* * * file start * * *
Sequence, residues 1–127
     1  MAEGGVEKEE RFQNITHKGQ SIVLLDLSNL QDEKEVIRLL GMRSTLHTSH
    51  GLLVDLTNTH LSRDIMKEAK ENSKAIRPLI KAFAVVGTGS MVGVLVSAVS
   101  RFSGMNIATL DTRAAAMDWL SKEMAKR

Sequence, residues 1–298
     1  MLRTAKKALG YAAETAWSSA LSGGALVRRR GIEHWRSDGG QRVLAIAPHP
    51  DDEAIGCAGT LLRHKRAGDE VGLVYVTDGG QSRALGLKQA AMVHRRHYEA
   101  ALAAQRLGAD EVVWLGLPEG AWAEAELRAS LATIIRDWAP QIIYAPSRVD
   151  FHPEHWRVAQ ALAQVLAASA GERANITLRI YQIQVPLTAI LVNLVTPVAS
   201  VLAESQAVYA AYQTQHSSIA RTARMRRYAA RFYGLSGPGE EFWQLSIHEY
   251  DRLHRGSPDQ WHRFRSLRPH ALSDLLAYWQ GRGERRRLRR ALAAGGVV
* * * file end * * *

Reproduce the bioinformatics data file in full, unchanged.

Sequence, residues 1–127
     1  MAEGGVEKEE RFQNITHKGQ SIVLLDLSNL QDEKEVIRLL GMRSTLHTSH
    51  GLLVDLTNTH LSRDIMKEAK ENSKAIRPLI KAFAVVGTGS MVGVLVSAVS
   101  RFSGMNIATL DTRAAAMDWL SKEMAKR

Sequence, residues 1–298
     1  MLRTAKKALG YAAETAWSSA LSGGALVRRR GIEHWRSDGG QRVLAIAPHP
    51  DDEAIGCAGT LLRHKRAGDE VGLVYVTDGG QSRALGLKQA AMVHRRHYEA
   101  ALAAQRLGAD EVVWLGLPEG AWAEAELRAS LATIIRDWAP QIIYAPSRVD
   151  FHPEHWRVAQ ALAQVLAASA GERANITLRI YQIQVPLTAI LVNLVTPVAS
   201  VLAESQAVYA AYQTQHSSIA RTARMRRYAA RFYGLSGPGE EFWQLSIHEY
   251  DRLHRGSPDQ WHRFRSLRPH ALSDLLAYWQ GRGERRRLRR ALAAGGVV